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| Institution Name: Stetson University |
Original/Historic Place Name: Hulley Tower
Location on Campus: N. Woodland Blvd.
Date(s) of Construction and Designer(s): Type of Place: Individual building
|Foundation: continuous poured concrete; dressed limestone (lower portion of tower)|
|Walls: steel skeletal frame; masonry brick with patterned corners|
|Roof: copper (surface)|
| || Function: |
|ca. 1934-present (2007)||memorial site (mausoleum for Stetson's second president, Lincoln Hulley, and his wife Eloise, for whom the bell chimes are named)|
|ca. 1934-present (2007)||bell tower|
Significance: architecture, education, history
Narrative: see below
|National Register||Stetson University Campus Historic District (1991) |
References: see below
Completed in 1934, the 116-foot Hulley Tower originally contained an 11-bell carillion, and a mausoleum for Stetson's second president, Lincoln Hulley, and his wife Eloise. Hulley served as president for 30 years (1904-34), and he and his family built the tower as a gift to the university. He died before it was finished.
The Eloise Chimes were first housed in Elizabeth Hall's cupola, but were moved when Hulley Tower was built. They consisted of 11 rough cast bells, four large and seven smaller ones, ranging from 3,000 to 575 pounds, hung from an all-steel structure 106 feet high. They were played with wooden handles, each attached to a bell by a system of pulleys, wires and leather straps. The playing platform was located on the tower's second level, open to the air and reached by a narrow stone staircase. A series of iron ladders lead to the bells, that was also open to the air.
Stetson's bells have rung over the campus and the city once or twice a day since 1915, depending on the availability of bellringers. They are a DeLand and Stetson University tradition. In 1994, the Kaiser family of DeLand endowed a scholarship to pay the bellringer. The tower was renovated in 1986.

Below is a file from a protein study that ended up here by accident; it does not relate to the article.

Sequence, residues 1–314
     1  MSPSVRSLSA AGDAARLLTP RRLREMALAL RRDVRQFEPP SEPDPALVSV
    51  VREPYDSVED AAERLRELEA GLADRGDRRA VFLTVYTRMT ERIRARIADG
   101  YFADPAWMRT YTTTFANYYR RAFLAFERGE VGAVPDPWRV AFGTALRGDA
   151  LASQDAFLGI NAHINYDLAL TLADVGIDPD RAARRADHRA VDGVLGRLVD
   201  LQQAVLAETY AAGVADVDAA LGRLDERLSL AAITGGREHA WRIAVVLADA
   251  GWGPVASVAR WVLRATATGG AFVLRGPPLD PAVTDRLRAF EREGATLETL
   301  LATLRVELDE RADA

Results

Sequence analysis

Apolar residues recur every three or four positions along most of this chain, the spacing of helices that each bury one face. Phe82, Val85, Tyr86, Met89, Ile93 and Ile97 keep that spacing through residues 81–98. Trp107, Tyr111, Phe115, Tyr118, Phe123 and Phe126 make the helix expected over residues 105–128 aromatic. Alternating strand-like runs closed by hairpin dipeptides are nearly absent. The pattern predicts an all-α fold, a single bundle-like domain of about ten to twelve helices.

During the course of the next two decades, however, the infrastructure of the tower and bells was compromised by weather damage. Citing safety reasons, university officials in 2005 made the decision to dismantle the upper part of the structure, leaving the mausolem intact. A plan to rebuild the tower and carillon is underway.
|I. Bibliographic sources: |
Johnston, Sidney. "The Historic Stetson University Campus in DeLand, 1884-1934." Florida Historical Quarterly (January 1992): 281-304.
Lycan, Gilbert L. Stetson University: The First Hundred Years. DeLand, FL: Stetson University Press, 1983.
Shiver, W. Carl. Stetson University Campus Historic District. National Register of Historic Places designation report. Washington, DC: U.S. Department of the Interior/National Park Service, 1991.
"Stetson begins lowering Hulley Tower." Online (2005). Stetson University, DeLand, FL. http://www.stetson.edu/administration/marcom/articles/view.php?type=news&id=1470
"Stetson University to remove upper portion of weather damaged Hulley Tower." Online (2005). Stetson University, DeLand, FL. http://www.stetson.edu/administration/marcom/articles/view.php?type=news&id=1467
A Walk with the Founders: Stetson University Campus Historic District. Booklet. [DeLand, FL: Stetson University/Public Relations Office], 1996.
|II. Location of other data: |
|University: Special Collections |
|Government Offices |
|Other: Office of Marketing and Communications, Stetson U. |